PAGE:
02 May. 2024

In January 2009, Russian gas supplies to Europe were halted for the first time since the system was built under the Soviets. The ensuing disruption led to the introduction of EU-wide gas security legislation which, it was hoped, would strengthen existing national frameworks. Amended and added to over time, these regulations offer useful – if limited – standards for assessing risks of supply failure. This article demonstrates the challenges of assessing how gas security might look in future. Key uncertainties remain regarding how nations will decarbonise natural gas consumption and how conflict may affect our security environment. It also outlines some of the ways in which we can strengthen our assessment of gas security. This is crucial given the critical role gas plays in generating electricity when renewables cannot, as well as keeping gas end-users warm during winter.

The Regulations the EU introduced obligated Member States to ensure their gas systems could meet the N-1 infrastructure test. For context, national gas systems can be supplied by gas produced domestically, import pipelines, Liquefied Natural Gas, or gas already in storage. Daily demand is affected by weather, commercial & industrial use, and the volumes needed to produce electricity. The N-1 test assesses the maximum quantity of gas which each type of supply can provide in one day. It compares this to the highest amount of demand that is likely once every 20 years. The test is whether supply is still greater than demand even without the largest piece of supply. If it isn’t, the system has failed. This implies it isn’t resilient and there is a risk to supply security.

An Example of a Failed N-1 Test. While aggregate peak supply is 100mcm/d above demand, there is an overreliance on the LNG terminal. Losing its 150mcm/d supply capacity would reduce peak supply to 300mcm/d, 50mcm/d below peak demand.

This test enabled the EU-wide assessment of gas security of supply. Its key benefits are its simplicity and the fact you can derive actions from the results. If your system fails, you should diversify supply and add capacity from another source, or reduce peak demand (e.g. by transitioning users away from natural gas).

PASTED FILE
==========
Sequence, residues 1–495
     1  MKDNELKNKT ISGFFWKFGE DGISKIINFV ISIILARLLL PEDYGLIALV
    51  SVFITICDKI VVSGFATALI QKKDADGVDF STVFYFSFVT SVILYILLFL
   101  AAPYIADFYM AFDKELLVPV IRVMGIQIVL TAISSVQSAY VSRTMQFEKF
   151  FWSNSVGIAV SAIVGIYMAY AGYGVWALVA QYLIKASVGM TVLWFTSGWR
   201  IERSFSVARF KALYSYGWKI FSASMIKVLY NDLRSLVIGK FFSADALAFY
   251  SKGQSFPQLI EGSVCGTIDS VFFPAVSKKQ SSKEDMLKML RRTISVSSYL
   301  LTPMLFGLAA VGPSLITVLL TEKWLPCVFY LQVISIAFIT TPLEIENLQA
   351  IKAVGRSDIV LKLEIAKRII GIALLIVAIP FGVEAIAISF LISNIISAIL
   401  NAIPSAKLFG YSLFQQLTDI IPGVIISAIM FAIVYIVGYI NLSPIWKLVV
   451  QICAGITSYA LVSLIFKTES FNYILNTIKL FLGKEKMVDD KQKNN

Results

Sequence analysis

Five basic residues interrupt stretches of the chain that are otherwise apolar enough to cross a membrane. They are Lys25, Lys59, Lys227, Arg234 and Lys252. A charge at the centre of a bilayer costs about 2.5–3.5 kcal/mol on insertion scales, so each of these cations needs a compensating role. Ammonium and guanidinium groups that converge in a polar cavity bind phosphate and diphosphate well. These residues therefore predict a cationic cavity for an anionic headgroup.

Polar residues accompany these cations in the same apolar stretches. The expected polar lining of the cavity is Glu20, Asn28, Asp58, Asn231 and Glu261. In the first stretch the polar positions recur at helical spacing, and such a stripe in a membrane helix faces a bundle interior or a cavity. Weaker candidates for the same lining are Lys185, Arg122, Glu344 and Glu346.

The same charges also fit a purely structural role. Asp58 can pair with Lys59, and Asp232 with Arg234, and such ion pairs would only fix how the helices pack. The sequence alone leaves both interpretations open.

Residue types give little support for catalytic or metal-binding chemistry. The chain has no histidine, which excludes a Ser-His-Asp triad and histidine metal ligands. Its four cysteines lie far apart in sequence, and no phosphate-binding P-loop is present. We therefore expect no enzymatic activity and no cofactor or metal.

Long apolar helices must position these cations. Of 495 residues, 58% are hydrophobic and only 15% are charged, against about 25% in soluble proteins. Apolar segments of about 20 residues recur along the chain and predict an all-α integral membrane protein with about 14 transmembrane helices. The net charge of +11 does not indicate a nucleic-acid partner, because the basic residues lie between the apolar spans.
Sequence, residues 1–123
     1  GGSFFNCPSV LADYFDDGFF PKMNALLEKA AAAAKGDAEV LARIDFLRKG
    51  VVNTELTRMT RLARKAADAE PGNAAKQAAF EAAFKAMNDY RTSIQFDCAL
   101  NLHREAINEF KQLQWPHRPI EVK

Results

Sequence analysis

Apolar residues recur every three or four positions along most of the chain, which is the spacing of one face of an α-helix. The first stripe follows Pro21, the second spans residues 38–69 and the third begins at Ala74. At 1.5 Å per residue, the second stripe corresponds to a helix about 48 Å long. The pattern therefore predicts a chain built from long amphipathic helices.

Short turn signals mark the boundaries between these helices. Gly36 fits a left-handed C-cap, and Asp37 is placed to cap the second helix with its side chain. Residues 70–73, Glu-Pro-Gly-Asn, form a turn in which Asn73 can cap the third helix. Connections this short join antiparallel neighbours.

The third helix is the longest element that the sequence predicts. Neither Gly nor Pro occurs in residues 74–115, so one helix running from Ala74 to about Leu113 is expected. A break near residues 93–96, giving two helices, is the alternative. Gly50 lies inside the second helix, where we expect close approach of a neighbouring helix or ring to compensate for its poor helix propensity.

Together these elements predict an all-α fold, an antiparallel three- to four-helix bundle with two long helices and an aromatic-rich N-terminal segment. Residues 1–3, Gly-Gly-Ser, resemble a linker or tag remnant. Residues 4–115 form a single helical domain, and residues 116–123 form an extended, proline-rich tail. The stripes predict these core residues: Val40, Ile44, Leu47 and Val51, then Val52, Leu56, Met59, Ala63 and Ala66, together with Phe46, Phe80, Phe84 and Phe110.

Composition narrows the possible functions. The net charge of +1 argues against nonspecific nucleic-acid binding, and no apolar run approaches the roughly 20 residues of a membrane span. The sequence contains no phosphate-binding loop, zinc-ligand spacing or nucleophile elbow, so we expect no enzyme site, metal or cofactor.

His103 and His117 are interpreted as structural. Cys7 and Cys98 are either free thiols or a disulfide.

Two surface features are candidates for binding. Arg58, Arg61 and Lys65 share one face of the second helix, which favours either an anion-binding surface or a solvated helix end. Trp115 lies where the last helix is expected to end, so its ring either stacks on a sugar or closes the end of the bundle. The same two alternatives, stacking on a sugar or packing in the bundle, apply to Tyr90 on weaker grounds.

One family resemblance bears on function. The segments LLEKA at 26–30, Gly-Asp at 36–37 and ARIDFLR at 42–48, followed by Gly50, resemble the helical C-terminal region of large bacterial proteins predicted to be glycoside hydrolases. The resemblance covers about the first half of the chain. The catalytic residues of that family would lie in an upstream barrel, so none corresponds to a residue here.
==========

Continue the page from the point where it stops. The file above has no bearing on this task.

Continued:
It’s not a complete assessment, however (and probably was not intended to be). The biggest limitation is that “it fails to recognize the distinction between capacity and the physical availability of supply.” In other words, having enough gas pipes ready to receive the gas does not mean you actually get it. There could be a problem further up the supply chain, like a production outage. This may prevent the molecules from arriving at your supply points or, importantly, make them too expensive for you. Conversely, the availability of gas at the supply points does not mean that it can reach customers downstream. There could be bottlenecks further down the system before it gets to the user. This is especially a risk when demand points are dispersed from supply points.

So, a holistic assessment of gas supply must also assess further upstream and further downstream than the N-1 test. The UK has outlined one way this might be done. There, a new independent energy system planner and operator will conduct a medium-range gas security assessment. Government has proposed a methodology which that operator can amend. It recognises the importance of assessing gas availability as well as supply infrastructure. North Sea production forecasts are used to assess how much gas could reach national supply points in future. Including this type of upstream analysis adds flavour to the N-1 test. Together, they can show whether you have a sufficiently resilient national gas system, and whether you can be confident in securing the supply.